It's one form of colonization: Some British authors have inherited their forebears' ability to make a reader long for simple village life. No matter how small, how petty, how isolated, they manage to whip up nostalgia for something the reader never even had.
No one understood this better than the late, great E.F. Benson, author of the "Lucia" series published in the 1920s and 1930s. These delightful novels were set, like Helen Simonson's "Major Pettigrew's Last Stand," in a village in Sussex. There are only six, and they have been mined for television and radio and collected between covers and read and reread. It is safe to say that Simonson has inherited the mantle.
This is escapist fiction that does not involve detectives or dead bodies, though it does feature guns -- a pair of Churchills, sporting guns that were given to Maj. Pettigrew's father by the maharajah as a reward for courageous service during Britain's eviction. One gun was left to Maj. Pettigrew, the other to his brother Bertie, who has just died when the novel opens.
Maj. Pettigrew, 68 and recently widowed, is not a covetous person. He has great disdain for money, greed, gaudiness, commercialization and America. He loves his home, Rose House, in the quiet village of Edgecombe St. Mary, with its yew trees and cottages and even the nosy neighbors. (Benson's Lucia lived in Lamb House, based on his own home, which once belonged to Henry James.) He enjoys his routines, including his walk to the local market to buy tea and other sundries. On the day his brother dies, the owner of the shop, the elegant, soft-spoken Mrs. Ali, appears at his door to collect money for the newspaper delivery. It is pretty much love at first sight, though it takes the major a while to realize it, and the length of a novel to act on it.
There's more than a bit of "Romeo and Juliet" here -- Mrs. Ali is Pakistani, and while some villagers pretend to have jettisoned class and ethnic snobbery, it is hopelessly woven into the fabric of their lives. When Maj. Pettigrew and Mrs. Ali begin their Sunday walks and regular afternoons reading Kipling, the neighbors take note.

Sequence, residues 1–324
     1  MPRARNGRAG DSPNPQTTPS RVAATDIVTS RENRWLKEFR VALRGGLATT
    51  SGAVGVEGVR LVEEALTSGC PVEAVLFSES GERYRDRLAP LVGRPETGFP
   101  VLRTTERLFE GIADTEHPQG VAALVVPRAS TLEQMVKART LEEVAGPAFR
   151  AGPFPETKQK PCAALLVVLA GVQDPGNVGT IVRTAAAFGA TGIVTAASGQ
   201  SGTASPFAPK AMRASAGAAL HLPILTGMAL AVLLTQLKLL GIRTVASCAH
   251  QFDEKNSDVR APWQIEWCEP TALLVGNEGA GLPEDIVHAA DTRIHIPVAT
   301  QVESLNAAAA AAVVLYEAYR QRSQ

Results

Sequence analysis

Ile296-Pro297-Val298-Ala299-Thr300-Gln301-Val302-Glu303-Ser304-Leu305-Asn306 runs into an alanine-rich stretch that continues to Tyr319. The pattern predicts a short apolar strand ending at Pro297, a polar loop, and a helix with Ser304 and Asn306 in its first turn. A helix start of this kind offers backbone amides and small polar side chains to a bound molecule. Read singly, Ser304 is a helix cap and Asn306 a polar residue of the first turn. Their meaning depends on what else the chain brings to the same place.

And then there is the problem of family: Mrs. Ali's nephew is a devout Muslim and even more overtly disapproving of the friendship than the major's neighbors. Her extended family in the north of England wants her safe in the family fold. But widowed, she has had a taste of freedom, and she is torn between her devotion to family and her need for independence. Pettigrew's son Roger, a boorish financier and social bounder, eschews anything that threatens his status and his career. He and his flashy American girlfriend have rented a weekend cottage not far from Rose House.
The old ways must change (must they?), and things come to a head at various events: a shooting party (where local animal lovers organize a protest against the killing of ducks), the unveiling of a plan to develop Edgecombe St. Mary into a sort of Olde England-style theme park (complete with McManors for sale) and a local club dance (where the theme is, thoughtlessly, the glories of the British presence in India).
A reader really does grow to love Maj. Pettigrew -- moral fiber and all. He's the best of the past in spite of (and because of) the thick layer of proper behavior that keeps him from following his stellar instincts now and then. And in spite of his feelings about Americans: the "assault of American vowels and the flash of impossible white teeth," their propensity for "publicly humiliating one another" and their poor sartorial habits. "There's nothing more corrosive to character than money," the major tells his son in a heated moment.
That might well be the main message of Simonson's quiet novel. The true enemies of human progress are money, racism and religious fanaticism. Played out on the smaller stage of rural village life, it is easy to see their corrosive effects on individuals and communities. Maj. Pettigrew and Mrs. Ali are worthy of our respect, and it is a great pleasure to spend time with them.